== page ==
National Environmental Policy Act

With regard to the Indiana program, this rule does not require an environmental impact statement because section 702(d) of SMCRA (30 U.S.C. 1292(d)) provides that agency decisions on proposed State regulatory program provisions do not constitute major Federal actions within the meaning of section 102(2)(C) of the National Environmental Policy Act (42 U.S.C. 4332(2)(C)).

With regard to the Indiana plan, this rule does not require an environmental impact statement because agency decisions on proposed State and Tribal abandoned mine land reclamation plans and plan amendments are categorically excluded from compliance with the National Environmental Policy Act (42 U.S.C. 4332) by the Manual of the Department of the Interior (516 DM 6, appendix 8, paragraph 8.4B(29)).

Paperwork Reduction Act

This rule does not contain information collection requirements that require approval by OMB under the Paperwork Reduction Act (44 U.S.C. 3507 et seq.).

Regulatory Flexibility Act

The Department of the Interior certifies that this rule will not have a significant economic impact on a substantial number of small entities under the Regulatory Flexibility Act (5 U.S.C. 601 et seq.). The State submittal, which is the subject of this rule, is based upon counterpart Federal regulations for which an economic analysis was prepared and certification made that such regulations would not have a significant economic effect upon a substantial number of small entities. In making the determination as to whether this rule would have a significant economic impact, the Department relied upon the data and assumptions for the counterpart Federal regulations.

Small Business Regulatory Enforcement Fairness Act

This rule is not a major rule under 5 U.S.C. 804(2), the Small Business Regulatory Enforcement Fairness Act. This rule: (a) Does not have an annual effect on the economy of $100 million; (b) Will not cause a major increase in costs or prices for consumers, individual industries, Federal, State, or local government agencies, or geographic regions; and (c) Does not have significant adverse effects on competition, employment, investment, productivity, innovation, or the ability of U.S.-based enterprises to compete with foreign-based enterprises. This determination is based upon the fact that the State submittal, which is the subject of this rule, is based upon counterpart Federal regulations for which an analysis was prepared and a determination made that the Federal regulation was not considered a major rule.

Unfunded Mandates

This rule will not impose an unfunded mandate on State, local, or tribal governments or the private sector of $100 million or more in any given year. This determination is based upon the fact that the State submittal, which is the subject of this rule, is based upon counterpart Federal regulations for which an analysis was prepared and a determination made that the Federal regulations did not impose an unfunded mandate.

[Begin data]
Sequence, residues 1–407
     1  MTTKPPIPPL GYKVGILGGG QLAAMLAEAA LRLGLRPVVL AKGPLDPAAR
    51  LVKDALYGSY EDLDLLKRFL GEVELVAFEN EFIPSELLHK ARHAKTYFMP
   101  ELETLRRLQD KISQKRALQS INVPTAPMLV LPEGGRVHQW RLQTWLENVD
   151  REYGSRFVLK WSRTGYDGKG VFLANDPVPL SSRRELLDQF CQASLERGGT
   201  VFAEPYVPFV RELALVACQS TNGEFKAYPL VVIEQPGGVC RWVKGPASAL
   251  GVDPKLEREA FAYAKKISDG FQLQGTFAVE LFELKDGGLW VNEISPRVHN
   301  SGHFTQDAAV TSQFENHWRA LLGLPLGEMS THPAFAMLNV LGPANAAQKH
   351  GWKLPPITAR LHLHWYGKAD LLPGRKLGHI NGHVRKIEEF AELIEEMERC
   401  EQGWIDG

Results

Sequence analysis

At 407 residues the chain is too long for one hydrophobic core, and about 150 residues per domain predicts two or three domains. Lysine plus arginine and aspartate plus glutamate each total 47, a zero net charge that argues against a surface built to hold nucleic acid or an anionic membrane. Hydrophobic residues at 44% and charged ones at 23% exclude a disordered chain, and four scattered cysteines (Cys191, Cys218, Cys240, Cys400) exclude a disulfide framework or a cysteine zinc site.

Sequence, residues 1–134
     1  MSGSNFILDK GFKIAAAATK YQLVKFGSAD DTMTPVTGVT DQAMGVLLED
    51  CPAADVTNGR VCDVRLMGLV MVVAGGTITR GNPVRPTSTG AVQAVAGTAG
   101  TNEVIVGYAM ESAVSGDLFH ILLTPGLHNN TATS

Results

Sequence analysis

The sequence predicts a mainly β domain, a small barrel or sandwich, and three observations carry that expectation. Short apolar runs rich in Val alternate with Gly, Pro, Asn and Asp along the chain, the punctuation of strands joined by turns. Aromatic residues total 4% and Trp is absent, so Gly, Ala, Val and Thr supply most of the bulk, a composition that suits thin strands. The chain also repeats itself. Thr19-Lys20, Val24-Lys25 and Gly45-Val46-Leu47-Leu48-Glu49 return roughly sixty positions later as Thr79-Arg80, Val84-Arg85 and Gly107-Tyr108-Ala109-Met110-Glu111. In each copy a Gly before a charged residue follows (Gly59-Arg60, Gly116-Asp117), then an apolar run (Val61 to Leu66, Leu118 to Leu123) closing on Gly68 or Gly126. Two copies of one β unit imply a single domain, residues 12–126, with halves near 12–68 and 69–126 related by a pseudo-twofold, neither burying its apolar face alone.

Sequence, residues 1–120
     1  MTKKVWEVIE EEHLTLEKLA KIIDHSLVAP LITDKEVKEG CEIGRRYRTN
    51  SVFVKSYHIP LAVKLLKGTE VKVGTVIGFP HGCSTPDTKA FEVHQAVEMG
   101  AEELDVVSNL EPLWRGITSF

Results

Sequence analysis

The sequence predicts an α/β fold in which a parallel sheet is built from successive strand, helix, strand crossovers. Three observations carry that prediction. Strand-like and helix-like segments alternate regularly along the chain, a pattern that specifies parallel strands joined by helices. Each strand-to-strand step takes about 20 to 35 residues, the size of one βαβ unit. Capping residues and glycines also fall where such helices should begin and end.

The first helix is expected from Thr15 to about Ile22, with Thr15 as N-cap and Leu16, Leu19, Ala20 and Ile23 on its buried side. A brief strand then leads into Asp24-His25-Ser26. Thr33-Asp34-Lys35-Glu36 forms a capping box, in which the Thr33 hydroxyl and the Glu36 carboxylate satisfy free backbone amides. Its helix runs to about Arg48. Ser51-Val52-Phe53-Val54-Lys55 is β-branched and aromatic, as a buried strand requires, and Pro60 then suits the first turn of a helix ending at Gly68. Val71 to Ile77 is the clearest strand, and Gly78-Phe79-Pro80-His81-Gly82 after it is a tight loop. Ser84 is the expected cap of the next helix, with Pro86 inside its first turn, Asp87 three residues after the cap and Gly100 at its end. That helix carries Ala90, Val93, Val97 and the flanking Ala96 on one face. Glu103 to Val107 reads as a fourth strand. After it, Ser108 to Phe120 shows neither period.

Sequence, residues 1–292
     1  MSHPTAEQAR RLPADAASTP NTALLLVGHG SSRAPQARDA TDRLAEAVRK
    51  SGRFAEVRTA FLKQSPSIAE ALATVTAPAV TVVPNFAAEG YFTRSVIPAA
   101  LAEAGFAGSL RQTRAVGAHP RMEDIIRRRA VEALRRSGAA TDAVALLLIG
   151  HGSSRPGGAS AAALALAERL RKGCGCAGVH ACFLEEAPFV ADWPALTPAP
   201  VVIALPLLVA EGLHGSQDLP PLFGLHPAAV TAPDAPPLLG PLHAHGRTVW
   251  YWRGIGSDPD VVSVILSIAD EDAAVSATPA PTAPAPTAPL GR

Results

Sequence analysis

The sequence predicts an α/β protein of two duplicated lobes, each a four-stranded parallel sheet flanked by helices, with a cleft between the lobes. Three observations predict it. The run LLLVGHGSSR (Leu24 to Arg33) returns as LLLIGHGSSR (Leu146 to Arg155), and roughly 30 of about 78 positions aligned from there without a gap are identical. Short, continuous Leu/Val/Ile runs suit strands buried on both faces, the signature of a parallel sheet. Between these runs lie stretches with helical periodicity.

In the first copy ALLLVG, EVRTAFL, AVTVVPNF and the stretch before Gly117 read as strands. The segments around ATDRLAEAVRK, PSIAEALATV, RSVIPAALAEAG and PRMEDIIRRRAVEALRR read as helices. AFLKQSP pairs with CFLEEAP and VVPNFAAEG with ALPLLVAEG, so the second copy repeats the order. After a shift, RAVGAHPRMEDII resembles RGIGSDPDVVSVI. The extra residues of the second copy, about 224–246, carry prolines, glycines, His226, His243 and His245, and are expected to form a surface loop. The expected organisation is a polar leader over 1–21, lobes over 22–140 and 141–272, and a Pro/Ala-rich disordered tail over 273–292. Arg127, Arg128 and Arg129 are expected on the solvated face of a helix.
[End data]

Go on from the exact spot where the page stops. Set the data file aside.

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List of Subjects in 30 CFR Part 914

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Dated: August 26, 2004.

Charles E. Sandberg,

Regional Director, , Mid-Continent Regional Coordinating Center.

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For the reasons set out in the preamble,

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PART 914—INDIANA

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1. The authority citation for part 914 continues to read as follows:

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Authority: 30 U.S.C. 1201 et seq.

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2. Section 914.10 is amended by revising paragraph (a) to read as follows:

End Amendment Part
State regulatory program approval.
* * * * *

(a) Indiana Department of Natural Resources, Division of Reclamation, R.R. 2, Box 129, Jasonville, IN 47438-9517.

* * * * *
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3. Section 914.15 is amended in the table by adding a new entry in chronological order by “Date of final publication” to read as follows:

End Amendment Part
Approval of Indiana regulatory program amendments.
* * * * *
Original amendment submission dateDate of final publicationCitation/description
*         *         *         *         *         *         *
June 2, 2004September 14, 2004IC 14-8-2-117.3; 14-34-6-7, 14-34-6-10(b)(2); 14-34-8-4(g) and (h), 14-34-8-6, 14-34-8-11(a), (b), (e), and (f); 2004-71-32.
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4. Section 914.25 is amended in the table in paragraph (a) by adding a new entry in chronological order by “Date of final publication” to read as follows:

End Amendment Part
Approval of Indiana abandoned mine land reclamation plan amendments.

(a) * * *Start Printed Page 55353

Original amendment submission dateDate of final publicationCitation/description
*         *         *         *         *         *         *
June 2, 2004September 14, 2004IC 14-34-19-15.
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End Supplemental Information

[FR Doc. 04-20664 Filed 9-13-04; 8:45 am]

BILLING CODE 4310-05-P